Japan has opened a consultation with the International Standards Organisation (ISO) in a bid to establish standards for human-assisting robots.
Part of the reason for Japan’s huge investments into robotics is the country’s ageing population. Robots designed to help the elderly are becoming increasingly commonplace.
Japan has already created a national standard for robot-to-human interactions across a large number of settings including medical, commercial, and transport.
In a press release announcing Japan’s own JIS Y1001 standard last year, the National Institute of Advanced Industrial Science and Technology wrote:
“Current labor shortages brought about by an advancing aging society with fewer children have been causing significant challenges for all industries in Japan. As one of the solutions to overcoming this situation, industries place expectations on the introduction of robot services into society.
A variety of service robots, e.g., guide robots, delivery robots, nursing-care robots and assisting robots, are expected to play significant roles in specific places where ordinary people and such robots are able to coexist, such as airports, commercial facilities and nursing-care facilities. In such situations, the safety of robots should be secured to prevent any harm to people.”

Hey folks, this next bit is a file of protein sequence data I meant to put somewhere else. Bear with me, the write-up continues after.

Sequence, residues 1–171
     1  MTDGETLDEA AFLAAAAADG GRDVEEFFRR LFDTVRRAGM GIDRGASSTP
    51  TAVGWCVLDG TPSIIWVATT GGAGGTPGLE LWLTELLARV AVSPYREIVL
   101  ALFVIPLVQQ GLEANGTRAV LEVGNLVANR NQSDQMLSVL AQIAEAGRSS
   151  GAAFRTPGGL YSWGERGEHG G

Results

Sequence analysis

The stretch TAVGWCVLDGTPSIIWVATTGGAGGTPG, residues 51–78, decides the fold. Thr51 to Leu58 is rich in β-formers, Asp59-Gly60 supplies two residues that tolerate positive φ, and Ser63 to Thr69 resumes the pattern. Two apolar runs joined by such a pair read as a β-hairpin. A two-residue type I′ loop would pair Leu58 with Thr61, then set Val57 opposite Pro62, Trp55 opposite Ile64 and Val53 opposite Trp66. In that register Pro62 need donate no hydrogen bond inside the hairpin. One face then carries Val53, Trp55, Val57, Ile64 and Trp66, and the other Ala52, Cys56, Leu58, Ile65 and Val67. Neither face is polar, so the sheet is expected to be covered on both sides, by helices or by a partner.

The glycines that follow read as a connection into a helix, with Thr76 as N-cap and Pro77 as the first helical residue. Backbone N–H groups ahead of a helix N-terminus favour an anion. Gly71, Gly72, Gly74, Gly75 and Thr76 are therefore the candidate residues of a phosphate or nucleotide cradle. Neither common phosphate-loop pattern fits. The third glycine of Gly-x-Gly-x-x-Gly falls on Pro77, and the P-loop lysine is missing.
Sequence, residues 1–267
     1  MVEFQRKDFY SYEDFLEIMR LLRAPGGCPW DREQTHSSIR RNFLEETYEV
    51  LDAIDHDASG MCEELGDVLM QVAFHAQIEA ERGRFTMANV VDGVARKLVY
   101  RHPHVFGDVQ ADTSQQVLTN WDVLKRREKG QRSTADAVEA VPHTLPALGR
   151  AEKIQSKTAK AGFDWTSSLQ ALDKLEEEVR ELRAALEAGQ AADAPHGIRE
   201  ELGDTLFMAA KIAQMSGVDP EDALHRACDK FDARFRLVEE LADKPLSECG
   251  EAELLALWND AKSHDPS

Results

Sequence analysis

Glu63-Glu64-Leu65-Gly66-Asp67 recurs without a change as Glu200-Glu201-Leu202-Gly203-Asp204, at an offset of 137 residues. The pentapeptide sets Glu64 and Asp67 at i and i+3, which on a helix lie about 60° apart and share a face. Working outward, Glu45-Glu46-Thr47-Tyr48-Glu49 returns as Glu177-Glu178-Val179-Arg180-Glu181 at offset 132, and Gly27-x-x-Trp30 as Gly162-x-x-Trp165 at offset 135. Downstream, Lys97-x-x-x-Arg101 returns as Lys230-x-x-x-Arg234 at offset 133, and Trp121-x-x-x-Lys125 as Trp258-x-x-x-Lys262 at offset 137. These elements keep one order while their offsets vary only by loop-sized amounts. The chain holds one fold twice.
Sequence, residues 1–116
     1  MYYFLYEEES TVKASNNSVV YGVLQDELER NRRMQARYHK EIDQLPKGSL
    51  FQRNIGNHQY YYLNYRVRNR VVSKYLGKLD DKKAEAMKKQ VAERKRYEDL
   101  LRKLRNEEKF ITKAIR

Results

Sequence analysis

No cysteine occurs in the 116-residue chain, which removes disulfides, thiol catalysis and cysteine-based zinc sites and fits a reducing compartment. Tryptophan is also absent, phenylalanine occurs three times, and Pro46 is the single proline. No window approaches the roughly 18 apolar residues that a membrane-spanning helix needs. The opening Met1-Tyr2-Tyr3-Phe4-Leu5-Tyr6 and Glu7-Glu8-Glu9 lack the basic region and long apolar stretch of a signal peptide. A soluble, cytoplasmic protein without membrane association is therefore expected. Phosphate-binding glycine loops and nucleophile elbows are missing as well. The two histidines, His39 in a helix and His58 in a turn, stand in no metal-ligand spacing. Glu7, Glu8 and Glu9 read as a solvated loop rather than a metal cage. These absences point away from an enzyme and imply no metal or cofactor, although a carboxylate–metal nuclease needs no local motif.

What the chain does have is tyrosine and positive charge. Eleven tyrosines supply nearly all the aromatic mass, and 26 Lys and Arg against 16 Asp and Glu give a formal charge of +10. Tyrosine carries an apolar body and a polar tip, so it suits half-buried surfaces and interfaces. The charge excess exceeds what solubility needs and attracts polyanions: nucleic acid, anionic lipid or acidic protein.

Japan now wants to export its standard to the rest of the world.
The move is partly spurred by the coronavirus pandemic and how useful remote medical robots could be to help maintain social distancing and prevent the further spread of such viruses.
In the UK alone, there have been at least 200 deaths of people working on the frontline in medical settings such as hospitals, surgeries, and care homes. Robots could help to reduce the risk to other frontline workers in the future, in addition to freeing up time for the many areas where humans are still needed.
Of course, Japan’s move isn’t entirely selfless. Japan, as a world leader in robotics, expects it will be able to export more robot helpers.
Because any future ISO standard will likely be based on Japan’s existing JIS Y1001, Japanese companies will enjoy a headstart over global competitors.
ISO’s existing TC 299 for “standardization in the field of robotics, excluding toys and military applications” does not consider the best practices for various settings which Japan’s standard does.
TC 299’s new working group is being headed by Japan to help ensure that the global standard is at least as robust as the country’s national version.
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